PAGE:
## Part 2 of Practice problem-7-38 Discontinuity Functions.

Part 2 of practice problems 7-38 involves drawing the shear-force and Moment diagrams for a given beam acted upon by two vertical loads.

The practice problem is included in Prof. Timothy Philpot’s book An Integrated Learning System, Mechanics of Materials. The same problem is P 7-62 in the third edition.

We have a given beam, a given simply supported beam with a span of 20 feet. A downward load of 3000 Lb acts at x=5 feet from the left support.

Simultaneously, one concentrated moment of 8000 lb. ft acts anticlockwise. The downward uniform load of 800 lb/ft has a limited width of 7 feet starting from x=9 ft.

This problem covers cases 1,2 and 5 from the discontinuity table.

Part a) requires using the discontinuity function to write the expression for load w(x) in part a) and to include the beam reaction in the expression.

In part b), w(x) must be integrated twice to determine the V(x) and M(x).

In part c), it is necessary to use V(x) and M(x) to plot shear force and bending moment diagrams.

### Use an Excel sheet find the values of reactions.

This is the Excel sheet I have used: the sum of an Ay +Ey=8600 Lbs, which is 3000 lb+ 800 * 7=8600 lbs.

We get the AY value by taking the moment at E, and the Ay value equals 4750 lbs. From the sum of Y forces, we have Ey=8600-4750=3850 lbs.

### Use an Excel sheet and, if then, for the expression for the shear.

Another check to get the Ey is by taking the moment to the left support, which will again give us the same 3850 lbs. These regions are from zero to 5, 5 to 9, 9 to 16, and 16 to 20 feet.

The first column shows the x distance in feet, the second the shear Value in lbs, and the last the moment value in Lb.ft. We have a drop at X equal to 5 feet.

We have a drop in shear by Value of 3000 lbs and a decline of moment value by 8000 lb.Ft. Also, again, there is a change in the slope at X = 9 ft—a drop of 800 lb/ft due to the distributed load.

How do we express the value of the shear and the value of the moment at the point of x=5? Please find the expression for shear.

=IF(AND(0<=A19,A19<=5),4750,IF(AND(5<A19,A19<=9),4750-3000,IF(AND(9<A19,A19<=16),4750-3000-800*(A19-9),IF(AND(16<A19,A19<=20),4750-3000-800*(A19-9)+800*(A19-16),0))))

There are two terms: one term for x<=5; in this term, the shear value equals 4750 lbs. Meanwhile, the second term is for X>5 and less than and equal to 9; the shear value is 4750-.3000.

The third term is for X>9 and less than and equal to 16; the shear value is 4750-3000-800*(A19-9).A19 is the cell for x value where x is 5 ft.

The fourth term is for X>16 and less than and equal to 20; the shear value is 4750-3000-800*(A19-9) + 800*(A19-16). A19 is the cell for the x value, where x is 5 ft.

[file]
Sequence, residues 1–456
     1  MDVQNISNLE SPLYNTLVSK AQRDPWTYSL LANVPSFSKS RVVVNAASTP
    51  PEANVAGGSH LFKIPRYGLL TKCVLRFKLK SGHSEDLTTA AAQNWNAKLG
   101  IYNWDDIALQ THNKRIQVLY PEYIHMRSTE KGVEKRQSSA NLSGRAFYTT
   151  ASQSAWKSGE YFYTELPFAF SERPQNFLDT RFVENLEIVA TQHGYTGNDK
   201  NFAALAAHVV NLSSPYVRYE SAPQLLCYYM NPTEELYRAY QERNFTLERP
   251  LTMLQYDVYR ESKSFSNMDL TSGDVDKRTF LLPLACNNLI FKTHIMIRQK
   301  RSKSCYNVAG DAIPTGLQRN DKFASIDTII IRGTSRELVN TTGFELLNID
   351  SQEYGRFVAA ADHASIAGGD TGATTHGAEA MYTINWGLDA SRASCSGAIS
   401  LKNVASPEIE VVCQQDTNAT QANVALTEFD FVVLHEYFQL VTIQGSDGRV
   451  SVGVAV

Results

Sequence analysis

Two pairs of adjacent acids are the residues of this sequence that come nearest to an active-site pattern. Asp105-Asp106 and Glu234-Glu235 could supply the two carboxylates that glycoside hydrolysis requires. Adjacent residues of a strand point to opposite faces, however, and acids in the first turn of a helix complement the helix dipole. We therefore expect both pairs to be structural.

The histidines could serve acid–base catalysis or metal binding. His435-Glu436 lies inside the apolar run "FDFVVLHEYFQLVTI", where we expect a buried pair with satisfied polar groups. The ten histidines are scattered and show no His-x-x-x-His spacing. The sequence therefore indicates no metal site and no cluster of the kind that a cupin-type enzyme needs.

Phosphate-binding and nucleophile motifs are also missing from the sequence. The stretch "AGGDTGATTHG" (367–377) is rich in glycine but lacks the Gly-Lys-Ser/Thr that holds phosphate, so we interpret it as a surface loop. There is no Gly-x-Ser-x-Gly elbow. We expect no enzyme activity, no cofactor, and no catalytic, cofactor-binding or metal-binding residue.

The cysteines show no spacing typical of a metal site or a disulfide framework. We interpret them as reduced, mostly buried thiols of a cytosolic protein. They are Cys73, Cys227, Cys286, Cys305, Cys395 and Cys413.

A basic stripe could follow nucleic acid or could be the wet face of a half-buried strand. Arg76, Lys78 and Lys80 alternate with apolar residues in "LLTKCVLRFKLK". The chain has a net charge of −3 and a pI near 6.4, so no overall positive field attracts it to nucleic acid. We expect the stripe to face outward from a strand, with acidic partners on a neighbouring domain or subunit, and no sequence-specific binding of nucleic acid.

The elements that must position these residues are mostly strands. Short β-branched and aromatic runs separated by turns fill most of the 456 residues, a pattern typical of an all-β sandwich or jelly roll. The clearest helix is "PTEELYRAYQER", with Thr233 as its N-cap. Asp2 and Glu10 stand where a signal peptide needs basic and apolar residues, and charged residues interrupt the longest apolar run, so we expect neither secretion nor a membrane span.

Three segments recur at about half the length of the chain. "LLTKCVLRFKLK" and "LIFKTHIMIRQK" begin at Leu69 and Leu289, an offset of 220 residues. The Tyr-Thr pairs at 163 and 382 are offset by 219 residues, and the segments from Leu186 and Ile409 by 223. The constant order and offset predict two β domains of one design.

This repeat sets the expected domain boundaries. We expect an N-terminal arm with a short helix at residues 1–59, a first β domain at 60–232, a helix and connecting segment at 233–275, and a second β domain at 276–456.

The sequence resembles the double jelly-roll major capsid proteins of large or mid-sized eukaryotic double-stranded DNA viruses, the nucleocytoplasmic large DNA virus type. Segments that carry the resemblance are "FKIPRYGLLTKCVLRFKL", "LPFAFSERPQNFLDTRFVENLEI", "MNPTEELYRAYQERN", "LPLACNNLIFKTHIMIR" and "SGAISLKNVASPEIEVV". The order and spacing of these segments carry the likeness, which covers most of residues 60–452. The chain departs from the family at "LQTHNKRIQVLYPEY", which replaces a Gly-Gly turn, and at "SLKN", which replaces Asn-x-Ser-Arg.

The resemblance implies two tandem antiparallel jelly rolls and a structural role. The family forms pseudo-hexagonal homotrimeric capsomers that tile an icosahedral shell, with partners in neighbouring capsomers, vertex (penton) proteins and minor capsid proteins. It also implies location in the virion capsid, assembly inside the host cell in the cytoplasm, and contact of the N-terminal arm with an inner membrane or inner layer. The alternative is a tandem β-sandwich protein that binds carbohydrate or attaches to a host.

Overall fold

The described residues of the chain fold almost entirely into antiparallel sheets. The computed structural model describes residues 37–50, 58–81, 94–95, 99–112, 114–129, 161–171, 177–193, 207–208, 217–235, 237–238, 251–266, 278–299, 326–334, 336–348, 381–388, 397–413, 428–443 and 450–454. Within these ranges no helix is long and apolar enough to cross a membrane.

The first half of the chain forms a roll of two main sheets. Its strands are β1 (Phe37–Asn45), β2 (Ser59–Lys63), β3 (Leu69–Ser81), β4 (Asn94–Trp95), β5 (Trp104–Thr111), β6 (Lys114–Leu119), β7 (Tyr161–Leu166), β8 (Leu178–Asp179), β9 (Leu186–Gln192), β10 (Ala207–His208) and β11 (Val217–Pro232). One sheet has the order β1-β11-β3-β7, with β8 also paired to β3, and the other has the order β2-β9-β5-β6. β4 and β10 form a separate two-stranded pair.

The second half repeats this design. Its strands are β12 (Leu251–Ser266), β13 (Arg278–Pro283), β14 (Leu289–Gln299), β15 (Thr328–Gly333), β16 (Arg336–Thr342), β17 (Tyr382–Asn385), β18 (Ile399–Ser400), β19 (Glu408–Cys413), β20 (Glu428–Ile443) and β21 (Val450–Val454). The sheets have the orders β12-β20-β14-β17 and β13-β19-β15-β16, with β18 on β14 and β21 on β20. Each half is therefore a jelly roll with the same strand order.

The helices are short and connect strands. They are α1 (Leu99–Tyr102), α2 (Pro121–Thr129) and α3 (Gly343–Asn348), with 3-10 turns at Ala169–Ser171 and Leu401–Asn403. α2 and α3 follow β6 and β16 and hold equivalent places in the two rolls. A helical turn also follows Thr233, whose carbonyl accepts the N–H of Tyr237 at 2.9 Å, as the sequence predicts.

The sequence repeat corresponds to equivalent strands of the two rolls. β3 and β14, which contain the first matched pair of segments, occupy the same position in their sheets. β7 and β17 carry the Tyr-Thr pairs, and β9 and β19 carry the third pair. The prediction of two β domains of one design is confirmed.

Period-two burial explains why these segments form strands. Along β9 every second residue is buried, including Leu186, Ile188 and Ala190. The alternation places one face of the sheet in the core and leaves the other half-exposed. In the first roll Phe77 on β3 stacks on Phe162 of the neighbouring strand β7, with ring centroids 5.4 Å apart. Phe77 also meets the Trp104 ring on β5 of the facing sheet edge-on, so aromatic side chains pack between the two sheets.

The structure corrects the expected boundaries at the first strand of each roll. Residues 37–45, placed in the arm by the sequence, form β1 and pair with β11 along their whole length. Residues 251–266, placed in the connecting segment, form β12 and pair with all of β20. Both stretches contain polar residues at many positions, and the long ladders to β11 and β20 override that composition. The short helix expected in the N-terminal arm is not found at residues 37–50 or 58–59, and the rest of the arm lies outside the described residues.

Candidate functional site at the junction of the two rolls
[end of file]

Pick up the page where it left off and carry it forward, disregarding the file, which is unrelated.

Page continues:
I have added two cells for x=5. To create a step in the Excel shear at x=5, the upper cell B19 is for x<=5 in the expression. In the second cell, B20 is the expression for x<5 with no equal sign.

For x=5 and x=5 plus, I put two values for 5, five here and five here. And in the expression.

We have A19 > or equal zero. For A19 < or equal 5, putting the equal sign here and Less than five is essential.

The next expression is for x=9 at cell B24.

=IF(AND(0<=A24,A24<=5),4750,IF(AND(5<A24,A24<=9),4750-3000,IF(AND(9<A24,A24<=16),4750-3000-800*(A24-9),IF(AND(16<A24,A24<=20),4750-3000-800*(A24-9)+800*(A24-16),0))))

### Plot the shear force diagram.

The next slide image shows the plot for the shear force diagram created using an Excel graph. The x-axis represents the distance in Feet, while the y-axis represents the corresponding shear Value.

Above the datum will be considered for the positive values, while below the datum represents the shear values with negative signs. We have a shear value of 4750 Lb, from x=0 to x=5 feet.

Due to the concentrated load, we have a drop of 3000 lbs. So we have 4750-3000, and it will be 1750. Then comes the uniformly distributed load of 800 going downwards. We have a slope or drop of 800 lbs per foot.

At X equal to 9 feet, We have 1750 going down with the slope of 800 lb per foot. So, to get the point where the shear equals 0, we can divide 1750 / 800 and get 2.1875 ft. We add this Value to 9, and the final distance is 11.1875 ft. This is the distance to the point of zero shear.

### Use an Excel sheet and, if then, for the expression for the Moment.

In the next slide image, there is an expression for m(x) using the if-then function in Excel. This is for the value of C19. We have a drop at the moment value at x=5 Ft. This is the first expression of<=5 .

=IF(AND(0<=A19,A19<=5),4750*A19,IF(AND(5<A19,A19<=9),4750*A19-3000*(A19-5)-8000,IF(AND(9<A19,A19<=16),4750*A19-3000*(A19-5)-8000-800*0.5*(A19-9)^2,IF(AND(16<A19,A19<=20),4750*A19-3000*(A19-5)-8000-800*0.5*(A19-9)^2+800*0.5*(A19-16)^2,0))))

The 5<=A20 is adjusted for the Value of C20 to express the drop due to the moment of 8000 Lb.ft.

=IF(AND(0<=A20,A20<5),4750*A20,IF(AND(5<=A20,A20<=9),4750*A20-3000*(A20-5)-8000,IF(AND(9A20-3000(A20-5)-8000-8000.5(A20-9)^2,IF(AND(16A20-3000(A20-5)-8000-8000.5(A20-9)^2+8000.5*(A20-16)^2,0))))*

### The sketch of the moment is drawn using an Excel graph.

We used this bending moment diagram, which we drew using the Excel sheet. We started the moment at zero and then moved until X was equal to 5. At x=5, we have 23,750 lb .ft; there is a drop at X equal to 5 due to the anticlockwise concentrated moment, which equals 8000 LB .foot. The Value of the moment after the drop equals 15,750 LB feet.

It starts from this point. We have a slope until the maximum moment, which is 24,664 Lb.ft. This point is at x=11.1875 Ft.

We have come to the end of our discussion on the practice problem. Thanks a lot

The previous post is Part 1 of Practice problem-7-38 Discontinuity Functions.

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